No additional resources needed for this effort. The communications talent in your marketing department is already in the building, ready to provide compelling content and context surrounding the hospital or health system.

Best of all you control the message.  The hospital or health system can link to the web site. Post to Facebook. Broadcast on twitter. Engage potential employees and followers on the hospital page on LinkedIn. And use the blog as a mechanism for establishing a strong media relations program to develop a press following.

And only 209 hospitals nationwide blog per the Mayo Clinic “Health Care Social Media List”?

I really don’t understand why, and please don’t site HIPAA.  There is nothing in blogging that requires the release of or identification of patient information. That is nothing but a smoke screen used to not engage in social media.

Let me pose to you this question.  How many times has the hospital or health system marketing staff, completed a Google search to see who is blogging and writing about the hospital or health system? Just because an organizations doesn't engage in an aspect of social media, doesn't mean that it’s not happening in the broader community.  Remember that the healthcare consumer is the new paparazzi.

But beyond that little exercise, blogging should be part of the structure of a strategic and fully integrated organizational marketing plan. It’s a method for communicating. It’s a method for building brand.  It’s a method of engaging not only the patient, but the newly minted health insured and the burgeoning healthcare consumer.  They are all out there searching for information, so why not provide them with the meaningful content?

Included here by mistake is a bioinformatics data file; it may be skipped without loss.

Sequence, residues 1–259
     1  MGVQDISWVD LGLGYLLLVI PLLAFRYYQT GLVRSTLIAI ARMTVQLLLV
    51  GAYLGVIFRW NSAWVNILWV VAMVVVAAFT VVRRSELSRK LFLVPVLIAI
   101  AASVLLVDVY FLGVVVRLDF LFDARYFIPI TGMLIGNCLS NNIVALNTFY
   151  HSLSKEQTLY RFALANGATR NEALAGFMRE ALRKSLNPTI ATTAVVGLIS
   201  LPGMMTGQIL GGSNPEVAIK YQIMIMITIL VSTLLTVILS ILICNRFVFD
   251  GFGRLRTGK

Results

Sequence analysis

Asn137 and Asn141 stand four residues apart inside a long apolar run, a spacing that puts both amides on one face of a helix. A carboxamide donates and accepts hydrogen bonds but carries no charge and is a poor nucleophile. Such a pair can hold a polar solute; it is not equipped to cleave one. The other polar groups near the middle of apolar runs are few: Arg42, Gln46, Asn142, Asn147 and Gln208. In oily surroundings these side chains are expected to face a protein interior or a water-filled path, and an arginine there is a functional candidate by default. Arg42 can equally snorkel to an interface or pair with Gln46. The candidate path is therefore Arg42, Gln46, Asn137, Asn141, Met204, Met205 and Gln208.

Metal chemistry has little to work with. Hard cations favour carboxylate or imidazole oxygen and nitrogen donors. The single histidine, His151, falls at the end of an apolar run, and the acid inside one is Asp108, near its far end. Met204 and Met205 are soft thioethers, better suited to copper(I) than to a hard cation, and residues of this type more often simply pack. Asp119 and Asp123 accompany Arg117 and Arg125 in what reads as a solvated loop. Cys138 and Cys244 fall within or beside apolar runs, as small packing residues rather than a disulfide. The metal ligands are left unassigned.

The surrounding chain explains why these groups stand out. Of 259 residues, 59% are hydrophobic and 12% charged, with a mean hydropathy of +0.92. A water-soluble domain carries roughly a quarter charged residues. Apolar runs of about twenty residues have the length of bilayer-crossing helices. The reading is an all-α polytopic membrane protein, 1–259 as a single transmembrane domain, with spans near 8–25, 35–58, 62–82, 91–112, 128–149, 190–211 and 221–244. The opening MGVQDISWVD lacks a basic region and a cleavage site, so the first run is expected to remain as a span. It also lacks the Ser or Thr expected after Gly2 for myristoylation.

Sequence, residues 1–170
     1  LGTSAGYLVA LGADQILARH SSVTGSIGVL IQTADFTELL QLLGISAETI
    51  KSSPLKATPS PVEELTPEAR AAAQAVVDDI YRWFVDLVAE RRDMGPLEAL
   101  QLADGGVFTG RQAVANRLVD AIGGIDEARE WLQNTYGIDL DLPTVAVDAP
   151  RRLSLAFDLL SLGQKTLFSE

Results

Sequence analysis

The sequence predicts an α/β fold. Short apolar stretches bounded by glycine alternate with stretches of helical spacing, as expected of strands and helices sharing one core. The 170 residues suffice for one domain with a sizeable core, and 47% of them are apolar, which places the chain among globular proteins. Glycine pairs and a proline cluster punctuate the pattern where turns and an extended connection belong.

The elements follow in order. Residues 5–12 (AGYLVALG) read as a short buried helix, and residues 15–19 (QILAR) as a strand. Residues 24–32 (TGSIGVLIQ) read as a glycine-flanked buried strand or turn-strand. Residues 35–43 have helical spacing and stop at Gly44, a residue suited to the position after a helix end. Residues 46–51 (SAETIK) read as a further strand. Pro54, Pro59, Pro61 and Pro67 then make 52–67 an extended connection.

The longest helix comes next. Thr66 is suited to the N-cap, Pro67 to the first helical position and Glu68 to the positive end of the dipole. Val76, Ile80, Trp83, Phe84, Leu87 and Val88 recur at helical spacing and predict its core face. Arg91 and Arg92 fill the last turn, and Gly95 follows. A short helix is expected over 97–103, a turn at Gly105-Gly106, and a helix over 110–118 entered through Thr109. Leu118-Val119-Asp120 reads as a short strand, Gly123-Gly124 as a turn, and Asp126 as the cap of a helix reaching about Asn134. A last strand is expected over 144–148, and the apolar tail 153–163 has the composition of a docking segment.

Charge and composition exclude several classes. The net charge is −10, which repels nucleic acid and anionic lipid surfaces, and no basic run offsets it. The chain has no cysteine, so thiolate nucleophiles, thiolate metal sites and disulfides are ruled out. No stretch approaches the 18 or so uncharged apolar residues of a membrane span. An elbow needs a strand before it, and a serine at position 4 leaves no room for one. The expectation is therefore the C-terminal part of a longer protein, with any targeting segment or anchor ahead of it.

Now that being said, this isn’t about fluff. Oh look at the new building. See our state-of-the-art cardiac cath lab.  Or the ever popular we have wireless internet and HD TVs!  This is about providing meaningful engagement content and using the blog inventively.

Since so few hospitals and heath systems blog, this is really a blue ocean strategy for reaching out and engaging. If a hospital or health system is the first in a market to blog, then the tone, tenor and terms of communication are established via content that has contextual clarity.   And that ladies and gentleman, makes everyone else in the market a me too.

 To blog or not to blog the hospital?  I think the question has been answered.

Sunday, March 16, 2014

How can hospitals innovate in the use of social media?

In thinking about social media use by hospitals, I was struck by the innovative actions of Rhode Island Hospital that took Google Glass which was deployed to consumers, and creatively applied the emerging technology to healthcare. Physicians at the hospital use Google Glass with it being the first in the nation application to study its use in real-time bed-side consults.   This story was developed by the newspaper Providence Journal.  They also used YouTube to tell the story. And that is the genesis of today’s topic.

As we have been discussing, and my thanks to all those who have taken the time to share their thoughts in the social media discussion on various LinkedIn groups, social media is little used, but slowly growing in hospitals for patient or healthcare consumer engagement.  For example, Via Christi  is using social media and finding success.

So moving beyond Facebook, YouTube, Twitter and blogs which I would consider to be the basic building blocks and starting points for any social media initiative, how can hospitals and health systems use lessons in social media from other industries to engage the healthcare consumer and patient?